Well, it seems that if you try to call the .net file dialogs from C++/cli you need to do it from a STA Thread. But, since I cannot access the main thread, remember this is someone elses application - all I have access to is my DllMain. Well, after searching around and asking about how to deal with this error on - I got my answer, sort of.

The helpful people over at StackOverflow pointed out that I needed to start my own thead as an STAThread. They also gave me advice on how to do this via COM.

Well, I'm not adverse to admit that the amount of COM knowledge I have could be held in a teacup. But the Thread advice solved the problem. I just did it the C++/cli way!

First you need to isolate the code you want to run into a class.

ref class StaClass
    void CallWiki()
        WikiNotes::FrmWiki fw;

Then from my main C++/cli code, I just create a new thread and call "CallWiki"

StaClass wiki = gcnew StaClass;

ThreadStart^ threadDelegate = gcnew ThreadStart(wiki, &StaClass::CallWiki);
Thread^ newThread = gcnew Thread(threadDelegate, 0);

Remember though, if you want to wait until your new thread finishes, like I did, then you can:

while (!workerThread->IsAlive);

Saturday, June 26, 2010

Fixing "Random" Default Button Behavior (

Way back when I first started developing web applications, I quickly determined that you had to have the default button as the first submit button in the HTML markup.

A recent trouble ticket at work detailed that the default button was behaving erratically. It seemed that it was working only every other time. Yet, the location of the button never changed, so how could that be?

Here is a link of an example where I have recreated the issue.

Broken Default Button

To recreate the broken behavior, set the focus in one of the textboxes or a radiobuton and then press the enter key. The panel should minimize and a second panel should now become visible. click on the button in the upper right corner to re-expand the original panel and repeat the test.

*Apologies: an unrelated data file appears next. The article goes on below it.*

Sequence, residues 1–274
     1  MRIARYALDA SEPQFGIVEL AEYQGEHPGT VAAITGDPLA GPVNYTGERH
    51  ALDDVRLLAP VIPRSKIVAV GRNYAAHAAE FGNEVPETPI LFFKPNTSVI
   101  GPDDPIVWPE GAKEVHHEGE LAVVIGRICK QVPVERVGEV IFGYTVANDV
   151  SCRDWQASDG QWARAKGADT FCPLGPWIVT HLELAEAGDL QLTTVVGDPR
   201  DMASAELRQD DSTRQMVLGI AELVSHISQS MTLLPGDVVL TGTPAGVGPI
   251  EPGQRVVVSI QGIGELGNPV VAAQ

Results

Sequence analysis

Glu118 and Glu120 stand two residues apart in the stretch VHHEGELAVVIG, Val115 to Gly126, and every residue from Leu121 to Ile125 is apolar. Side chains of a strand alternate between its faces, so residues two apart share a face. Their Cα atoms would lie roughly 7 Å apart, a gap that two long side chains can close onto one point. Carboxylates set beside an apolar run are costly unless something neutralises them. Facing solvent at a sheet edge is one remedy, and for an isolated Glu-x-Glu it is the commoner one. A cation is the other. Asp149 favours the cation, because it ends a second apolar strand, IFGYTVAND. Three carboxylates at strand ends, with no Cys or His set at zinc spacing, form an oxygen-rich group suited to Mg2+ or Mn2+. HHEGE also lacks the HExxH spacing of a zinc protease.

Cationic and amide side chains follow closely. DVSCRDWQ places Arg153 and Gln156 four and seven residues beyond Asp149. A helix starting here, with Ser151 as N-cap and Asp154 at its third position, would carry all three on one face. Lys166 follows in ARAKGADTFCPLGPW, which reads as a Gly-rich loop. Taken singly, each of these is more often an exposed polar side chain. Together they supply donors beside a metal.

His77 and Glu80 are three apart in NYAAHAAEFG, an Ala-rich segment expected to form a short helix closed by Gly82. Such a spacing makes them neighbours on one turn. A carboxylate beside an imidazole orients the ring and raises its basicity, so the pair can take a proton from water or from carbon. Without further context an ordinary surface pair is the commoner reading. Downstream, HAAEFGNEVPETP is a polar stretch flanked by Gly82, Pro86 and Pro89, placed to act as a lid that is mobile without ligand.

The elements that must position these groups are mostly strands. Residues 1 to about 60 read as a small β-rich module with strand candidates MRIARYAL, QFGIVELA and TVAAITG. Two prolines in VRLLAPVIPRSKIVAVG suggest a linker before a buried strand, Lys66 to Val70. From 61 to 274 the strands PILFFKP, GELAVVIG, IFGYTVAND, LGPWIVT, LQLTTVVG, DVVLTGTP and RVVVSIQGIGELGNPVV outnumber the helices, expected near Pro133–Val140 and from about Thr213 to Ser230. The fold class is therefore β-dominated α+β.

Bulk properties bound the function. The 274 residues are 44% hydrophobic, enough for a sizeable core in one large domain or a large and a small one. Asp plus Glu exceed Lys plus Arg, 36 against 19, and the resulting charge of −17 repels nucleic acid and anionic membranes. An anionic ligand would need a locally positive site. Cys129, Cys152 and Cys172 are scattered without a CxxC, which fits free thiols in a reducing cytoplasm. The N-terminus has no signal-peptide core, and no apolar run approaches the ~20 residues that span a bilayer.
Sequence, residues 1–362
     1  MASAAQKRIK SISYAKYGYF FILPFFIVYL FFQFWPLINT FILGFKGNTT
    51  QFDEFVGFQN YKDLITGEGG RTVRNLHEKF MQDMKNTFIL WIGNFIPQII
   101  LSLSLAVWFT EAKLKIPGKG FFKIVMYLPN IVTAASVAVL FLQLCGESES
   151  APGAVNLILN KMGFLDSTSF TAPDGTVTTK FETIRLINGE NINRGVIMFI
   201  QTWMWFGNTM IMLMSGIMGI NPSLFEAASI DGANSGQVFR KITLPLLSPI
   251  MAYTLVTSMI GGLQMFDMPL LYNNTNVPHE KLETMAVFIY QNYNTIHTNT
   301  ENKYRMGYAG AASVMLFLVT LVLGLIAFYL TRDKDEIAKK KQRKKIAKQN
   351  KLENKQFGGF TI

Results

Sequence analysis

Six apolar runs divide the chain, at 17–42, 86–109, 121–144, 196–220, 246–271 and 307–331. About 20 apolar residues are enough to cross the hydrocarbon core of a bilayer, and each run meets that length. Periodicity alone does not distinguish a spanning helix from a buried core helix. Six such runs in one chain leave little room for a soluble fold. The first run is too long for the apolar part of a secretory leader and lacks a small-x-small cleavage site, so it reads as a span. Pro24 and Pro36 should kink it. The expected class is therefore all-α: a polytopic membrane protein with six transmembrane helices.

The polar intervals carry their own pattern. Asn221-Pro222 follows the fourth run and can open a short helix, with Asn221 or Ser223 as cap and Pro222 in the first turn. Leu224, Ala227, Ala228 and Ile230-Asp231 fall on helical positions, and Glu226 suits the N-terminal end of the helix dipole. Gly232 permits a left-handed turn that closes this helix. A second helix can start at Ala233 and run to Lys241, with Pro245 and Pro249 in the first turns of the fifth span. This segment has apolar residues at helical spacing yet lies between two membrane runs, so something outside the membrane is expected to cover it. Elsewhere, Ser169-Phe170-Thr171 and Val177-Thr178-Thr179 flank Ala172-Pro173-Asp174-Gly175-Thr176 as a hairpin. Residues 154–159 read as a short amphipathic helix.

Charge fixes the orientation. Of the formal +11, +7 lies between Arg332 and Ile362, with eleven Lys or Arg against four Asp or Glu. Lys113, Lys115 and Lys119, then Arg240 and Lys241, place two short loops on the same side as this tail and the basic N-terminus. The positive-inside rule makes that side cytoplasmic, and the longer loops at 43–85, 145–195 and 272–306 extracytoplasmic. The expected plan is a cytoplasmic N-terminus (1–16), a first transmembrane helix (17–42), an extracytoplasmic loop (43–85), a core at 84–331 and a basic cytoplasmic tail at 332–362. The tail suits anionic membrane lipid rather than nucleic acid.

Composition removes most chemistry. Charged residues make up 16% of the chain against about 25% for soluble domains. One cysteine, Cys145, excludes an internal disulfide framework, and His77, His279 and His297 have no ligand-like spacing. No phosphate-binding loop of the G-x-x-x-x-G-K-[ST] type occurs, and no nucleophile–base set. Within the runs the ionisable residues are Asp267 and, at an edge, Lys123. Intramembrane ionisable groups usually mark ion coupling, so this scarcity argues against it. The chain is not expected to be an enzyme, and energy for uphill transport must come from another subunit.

every time both panels are visible, the default button switches to the button in the lower panel.

The fix is quite simple. Using 2.0 or higher simply add this one line to the Page_Load function: Page.Form.DefaultButton = "Button ID";

Fixed Default Button

Tuesday, June 22, 2010

Dynamic type simplifies returning an anonymous type from a function

Ever since Microsoft added anonymous types to C#, I've tried to use them in the manner that Microsoft themselves described: "Anonymous types provide a convenient way to encapsulate a set of read-only properties into a single object without having to first explicitly define a type."

And, it seemed to me that one of the best uses for one of these "temporary" objects is as a return type from a function. Yet, Microsoft expressly designed anonymous types to not be usable as a return type. Sure, you could have the return type as Object, but then you could not cast it back as the type because it is "anonymous".

Here is a Blog Post the explains how to return an anonymous type using a casting function.

Now though it is much simpler. All you need to do is set the return value to "dynamic". Since the dynamic type is determined at run time instead of compile time, compiler type checking is bypassed. At run time, when dynamic variables are referenced, they then have their methods and properties verified. So you can, in code, reference a property without having the compiler knowing if the type actually has the property.